officials at the meeting were Manager Tom Rivera, Office Manager Karen
Capers, presdent-elect Paul Hinojos (from First National bank), add
Gilbert Abila of the Chamber Executive Committee (from Security State

Those present from the Reeves County Hospital board were President
Jeanette Alligood and members Greg Luna, Marcella Lovett and Chel
Florez. Also present were Oscar Saenz of Anchor West; Mario Sotelo,
superintendent of P-B-T schools; Steve Armstrong, realtor and school
board member; Jan Spence of Pecos Valley Grain & Supply; Bill Oglesby of
Security State Bank; Dick Alligood, chairman of the economic development
committee and president of the Industrial Foundation; Pauline Moore of
Texas-New Mexico Power Co., and Mac McKinnon, Pecos Enterprise Editor &

Each person was asked to identify five other persons they would like to
see involved in the process as the more broad based the effort becomes,
the more successful it can be. Community involvement is the key, Bauer
A lawsuit against 143rd District Attorney John Stickels was filed
earlier this month in the court that he currently served in, for 1995
taxes owed in Ward County.

Ward County taxing entities seeking money from Stickels

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PECOS, September 25, 1996 - A lawsuit against 143rd District Attorney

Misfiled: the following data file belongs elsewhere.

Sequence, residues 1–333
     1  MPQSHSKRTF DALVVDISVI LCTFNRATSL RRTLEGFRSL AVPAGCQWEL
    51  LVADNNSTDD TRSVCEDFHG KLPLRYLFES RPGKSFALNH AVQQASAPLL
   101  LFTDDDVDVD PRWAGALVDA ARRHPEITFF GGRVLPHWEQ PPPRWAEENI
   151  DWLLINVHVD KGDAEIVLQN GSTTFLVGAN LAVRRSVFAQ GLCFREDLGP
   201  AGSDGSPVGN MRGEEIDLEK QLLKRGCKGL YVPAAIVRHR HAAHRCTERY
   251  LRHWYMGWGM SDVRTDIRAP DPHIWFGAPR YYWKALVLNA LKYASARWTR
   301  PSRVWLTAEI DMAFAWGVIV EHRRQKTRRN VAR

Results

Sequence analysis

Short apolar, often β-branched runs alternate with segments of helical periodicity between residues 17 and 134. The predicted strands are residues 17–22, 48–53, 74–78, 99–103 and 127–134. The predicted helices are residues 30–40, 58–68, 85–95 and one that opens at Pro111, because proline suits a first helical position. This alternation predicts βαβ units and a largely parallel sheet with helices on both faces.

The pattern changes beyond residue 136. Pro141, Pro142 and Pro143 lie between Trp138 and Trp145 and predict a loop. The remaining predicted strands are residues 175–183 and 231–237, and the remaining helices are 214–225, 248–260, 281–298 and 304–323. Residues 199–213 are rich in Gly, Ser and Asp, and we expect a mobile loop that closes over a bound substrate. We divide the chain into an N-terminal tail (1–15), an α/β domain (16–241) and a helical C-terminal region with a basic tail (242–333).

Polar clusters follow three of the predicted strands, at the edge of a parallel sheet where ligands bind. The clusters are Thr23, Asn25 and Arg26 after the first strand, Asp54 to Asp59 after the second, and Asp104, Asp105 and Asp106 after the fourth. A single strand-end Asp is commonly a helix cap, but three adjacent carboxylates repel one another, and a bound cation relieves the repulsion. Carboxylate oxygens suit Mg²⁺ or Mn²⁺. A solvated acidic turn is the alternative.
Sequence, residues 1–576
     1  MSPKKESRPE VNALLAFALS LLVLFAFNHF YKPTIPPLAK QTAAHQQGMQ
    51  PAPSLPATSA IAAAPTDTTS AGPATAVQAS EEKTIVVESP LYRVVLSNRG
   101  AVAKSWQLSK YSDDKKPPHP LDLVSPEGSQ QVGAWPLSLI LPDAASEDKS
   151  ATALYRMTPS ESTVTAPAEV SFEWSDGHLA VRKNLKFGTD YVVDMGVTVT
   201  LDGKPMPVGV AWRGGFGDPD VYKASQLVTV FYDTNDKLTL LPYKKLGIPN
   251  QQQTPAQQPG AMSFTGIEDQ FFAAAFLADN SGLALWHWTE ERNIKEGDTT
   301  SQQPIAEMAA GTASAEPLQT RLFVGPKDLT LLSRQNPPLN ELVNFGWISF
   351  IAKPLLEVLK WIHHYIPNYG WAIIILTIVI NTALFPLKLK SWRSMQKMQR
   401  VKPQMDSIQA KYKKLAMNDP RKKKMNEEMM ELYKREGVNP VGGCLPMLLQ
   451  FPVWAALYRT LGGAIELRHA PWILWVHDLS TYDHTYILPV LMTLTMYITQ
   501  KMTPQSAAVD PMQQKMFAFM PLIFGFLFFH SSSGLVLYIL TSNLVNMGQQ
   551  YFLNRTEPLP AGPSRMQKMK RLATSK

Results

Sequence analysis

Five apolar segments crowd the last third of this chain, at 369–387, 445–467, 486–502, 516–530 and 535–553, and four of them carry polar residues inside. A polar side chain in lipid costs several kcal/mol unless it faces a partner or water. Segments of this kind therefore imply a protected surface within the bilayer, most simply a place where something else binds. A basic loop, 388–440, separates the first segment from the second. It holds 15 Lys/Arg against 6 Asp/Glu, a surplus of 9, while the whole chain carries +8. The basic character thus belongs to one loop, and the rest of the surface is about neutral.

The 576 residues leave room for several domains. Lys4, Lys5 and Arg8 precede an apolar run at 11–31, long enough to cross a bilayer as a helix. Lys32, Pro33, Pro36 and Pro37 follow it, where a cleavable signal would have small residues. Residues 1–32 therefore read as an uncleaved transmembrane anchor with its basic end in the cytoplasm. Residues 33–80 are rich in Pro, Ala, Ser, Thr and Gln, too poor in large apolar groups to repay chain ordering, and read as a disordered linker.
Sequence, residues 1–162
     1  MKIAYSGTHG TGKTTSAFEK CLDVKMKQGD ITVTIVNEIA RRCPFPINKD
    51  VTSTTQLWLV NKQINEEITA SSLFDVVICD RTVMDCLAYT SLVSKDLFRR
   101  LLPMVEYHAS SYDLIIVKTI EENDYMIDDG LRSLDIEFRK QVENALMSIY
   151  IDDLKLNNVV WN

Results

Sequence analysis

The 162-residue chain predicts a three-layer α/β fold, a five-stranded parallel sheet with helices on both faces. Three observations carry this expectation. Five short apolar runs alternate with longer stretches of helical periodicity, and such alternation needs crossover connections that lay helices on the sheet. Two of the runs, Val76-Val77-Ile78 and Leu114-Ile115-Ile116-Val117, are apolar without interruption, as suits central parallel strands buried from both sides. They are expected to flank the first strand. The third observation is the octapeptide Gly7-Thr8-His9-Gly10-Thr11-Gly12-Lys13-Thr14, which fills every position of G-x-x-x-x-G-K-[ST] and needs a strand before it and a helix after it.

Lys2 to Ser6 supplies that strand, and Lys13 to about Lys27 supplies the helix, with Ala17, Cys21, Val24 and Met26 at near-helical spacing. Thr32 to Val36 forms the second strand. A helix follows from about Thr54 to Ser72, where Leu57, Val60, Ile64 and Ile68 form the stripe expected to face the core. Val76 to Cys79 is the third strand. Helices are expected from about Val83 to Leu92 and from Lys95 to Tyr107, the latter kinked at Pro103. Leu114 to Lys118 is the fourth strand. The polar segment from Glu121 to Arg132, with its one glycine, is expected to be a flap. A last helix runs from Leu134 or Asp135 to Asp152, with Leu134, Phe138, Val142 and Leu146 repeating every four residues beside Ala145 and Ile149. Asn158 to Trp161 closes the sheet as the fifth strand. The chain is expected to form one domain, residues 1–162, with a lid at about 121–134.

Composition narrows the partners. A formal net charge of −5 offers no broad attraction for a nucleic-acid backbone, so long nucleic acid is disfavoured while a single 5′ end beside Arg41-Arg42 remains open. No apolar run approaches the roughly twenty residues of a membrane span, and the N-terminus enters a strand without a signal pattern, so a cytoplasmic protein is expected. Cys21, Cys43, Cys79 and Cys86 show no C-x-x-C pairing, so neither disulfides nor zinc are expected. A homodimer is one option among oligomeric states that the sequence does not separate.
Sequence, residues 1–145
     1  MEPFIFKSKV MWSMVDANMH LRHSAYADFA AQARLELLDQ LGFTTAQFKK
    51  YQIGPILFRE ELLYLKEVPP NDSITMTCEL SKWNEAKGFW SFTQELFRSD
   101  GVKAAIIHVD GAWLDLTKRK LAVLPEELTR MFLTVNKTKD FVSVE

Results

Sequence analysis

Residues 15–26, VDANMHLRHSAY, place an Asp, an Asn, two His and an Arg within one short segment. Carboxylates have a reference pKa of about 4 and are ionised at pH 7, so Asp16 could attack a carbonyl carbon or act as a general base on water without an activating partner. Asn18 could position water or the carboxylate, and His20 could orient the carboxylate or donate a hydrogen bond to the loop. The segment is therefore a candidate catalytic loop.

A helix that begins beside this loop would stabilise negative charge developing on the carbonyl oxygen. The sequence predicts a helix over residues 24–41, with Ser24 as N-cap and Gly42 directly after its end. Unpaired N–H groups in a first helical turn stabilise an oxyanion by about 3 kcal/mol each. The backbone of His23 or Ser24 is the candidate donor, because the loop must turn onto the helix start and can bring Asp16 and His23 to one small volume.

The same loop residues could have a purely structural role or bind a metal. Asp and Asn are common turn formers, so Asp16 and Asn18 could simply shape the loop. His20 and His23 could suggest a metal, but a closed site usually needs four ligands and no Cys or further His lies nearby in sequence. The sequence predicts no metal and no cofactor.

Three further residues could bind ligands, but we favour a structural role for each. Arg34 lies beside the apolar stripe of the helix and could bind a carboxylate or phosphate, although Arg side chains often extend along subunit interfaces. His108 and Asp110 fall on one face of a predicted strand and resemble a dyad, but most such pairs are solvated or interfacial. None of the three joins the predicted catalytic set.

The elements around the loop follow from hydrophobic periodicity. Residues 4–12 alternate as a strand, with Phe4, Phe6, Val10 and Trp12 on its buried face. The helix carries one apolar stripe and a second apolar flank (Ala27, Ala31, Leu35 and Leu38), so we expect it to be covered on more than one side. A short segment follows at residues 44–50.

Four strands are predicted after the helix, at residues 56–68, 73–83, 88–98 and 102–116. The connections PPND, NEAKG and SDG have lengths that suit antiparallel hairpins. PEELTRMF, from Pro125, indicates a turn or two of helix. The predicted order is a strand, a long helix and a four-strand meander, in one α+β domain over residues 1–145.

John Stickels was filed earlier this month in the court that he
currently servs in, for 1995 taxes owed within Ward County.

The proceeding was filed by the Monahans-Wickett-Pyote ISD on September
3, in the 143rd District Clerk's office at the Ward County Courthouse in

The taxing entity is declaring that Stickels' 1995 delinquent taxes
total $889.89 for both his law practice building and former home in

Stickels' Monahans law practice, which he still operates, is located at
304 E. Fourth St. His former Monahans house, which has been sold since
he moved to Austin, was located at 1202 S. Cowan St.

The City of Monahans and Ward County joined in the M-W-P ISD lawsuit,
declaring back taxes totaling $1190.05 for both personal and business

Although the district attorney has opened up a practice in the Austin
area and did not seek reelection this past March as 143rd District
Attorney, he continues to reside in Pecos during his term as 143rd
district attorney.

Pecos attorney Randy Reynolds will be running unopposed for Stickels'
post in the November general elections.

Court-at-law jury backs PHA on eviction

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Staff Writer

PECOS, September 25, 1996 - A Reeves County Court-at-Law jury ruled in
favor of the Pecos Housing Authority Tuesday afternoon following a
hearing instigated by a tenant over the Authority's attempt to evict her
from her apartment.

Pecos attorney Scott Johnson represented PHA, while Legal Aid Attorney
Lilly Plummer of Odessa represented Cindy Montoya, who filed the
complaint against PHA.

The trial took about four hours and was held in the Sheriff's Department
classroom with the jury deliberating about ten minutes on their final

The tenant and her attorney, however, have said that they will file an

The hearing came about after Montoya was asked to leave the PHA
apartments following numerous complaints about her and her family.

Neighbors of Montoya claimed she was unruly, and in a PHA meeting on
Aug. 13, Montoya was given four days to move out. Three other families
were put on notice during the same meeting that they would be evicted if
they couldn't get along with the neighbors.